The Library of Congress in 2010 starting archiving every public tweet published on Twitter (it even went back and grabbed tweets dating back to the platform's inception in 2006).

The Library viewed this as an opportunity to document the emergence of social media for future generations but has since come to the realization that most of what is published to Twitter is of no value to the public (it's also a lot of work).

In a recent white paper, the Library of Congress announced it will soon be changing its tweet collection strategy. From December 31, 2017, the Library will archive tweets based on the guidelines outlined in its Collections Policy Statement and associated documents. Tweets collected and archived will be "thematic and event-based," we're told. Examples cited include elections and themes of ongoing national interest.

In other words, the Library will only focus on tweets of historical significance and those with some semblance of impact.

The Library of Congress said its collection decision was partially made because the nature of Twitter has changed over time and the volume of tweets has increased dramatically since the initial agreement to archive tweets was signed. Furthermore, the Library only archives text. Considering that many modern tweets now contain images, videos and linked content, the value of text-only collecting isn't what it once was.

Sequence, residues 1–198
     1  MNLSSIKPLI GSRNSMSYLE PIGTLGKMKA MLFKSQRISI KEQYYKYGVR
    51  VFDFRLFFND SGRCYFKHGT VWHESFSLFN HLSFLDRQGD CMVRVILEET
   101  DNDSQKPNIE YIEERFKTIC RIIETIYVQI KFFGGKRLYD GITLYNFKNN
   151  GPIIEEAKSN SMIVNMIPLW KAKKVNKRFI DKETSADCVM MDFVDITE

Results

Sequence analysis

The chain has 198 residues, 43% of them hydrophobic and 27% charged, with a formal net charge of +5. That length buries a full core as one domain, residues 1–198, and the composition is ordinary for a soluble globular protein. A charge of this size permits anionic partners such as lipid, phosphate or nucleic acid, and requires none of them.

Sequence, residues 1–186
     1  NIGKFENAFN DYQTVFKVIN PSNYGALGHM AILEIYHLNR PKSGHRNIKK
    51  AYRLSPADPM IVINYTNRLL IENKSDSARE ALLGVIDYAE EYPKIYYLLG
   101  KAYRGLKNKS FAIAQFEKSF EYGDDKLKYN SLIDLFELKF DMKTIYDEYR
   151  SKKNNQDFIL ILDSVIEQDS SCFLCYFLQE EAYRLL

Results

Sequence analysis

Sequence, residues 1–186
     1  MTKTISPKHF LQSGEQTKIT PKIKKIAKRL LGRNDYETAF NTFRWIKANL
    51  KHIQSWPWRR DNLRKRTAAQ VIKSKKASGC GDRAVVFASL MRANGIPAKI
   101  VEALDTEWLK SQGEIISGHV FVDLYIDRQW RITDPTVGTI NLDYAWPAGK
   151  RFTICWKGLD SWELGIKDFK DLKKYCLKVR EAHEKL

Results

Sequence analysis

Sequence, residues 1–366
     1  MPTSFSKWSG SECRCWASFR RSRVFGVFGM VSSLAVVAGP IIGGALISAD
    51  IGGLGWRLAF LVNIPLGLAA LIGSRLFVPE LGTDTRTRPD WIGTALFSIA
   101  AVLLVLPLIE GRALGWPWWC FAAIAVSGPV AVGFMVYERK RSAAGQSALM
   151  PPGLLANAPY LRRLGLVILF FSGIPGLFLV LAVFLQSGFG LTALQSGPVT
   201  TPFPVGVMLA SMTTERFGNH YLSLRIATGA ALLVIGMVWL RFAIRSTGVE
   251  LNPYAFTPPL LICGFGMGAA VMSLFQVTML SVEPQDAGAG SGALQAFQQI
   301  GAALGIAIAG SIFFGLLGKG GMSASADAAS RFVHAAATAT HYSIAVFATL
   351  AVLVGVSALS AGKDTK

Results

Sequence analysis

The Library notes that it now has the first 12 years of tweets in its possession but public access will remain embargoed until access issues can be resolved. Unfortunately, there is no projected timetable for providing public access and I wouldn't count on it happening anytime soon. After all, it's not as if the government is known for its ability to act quickly or efficiently regarding matters of this nature.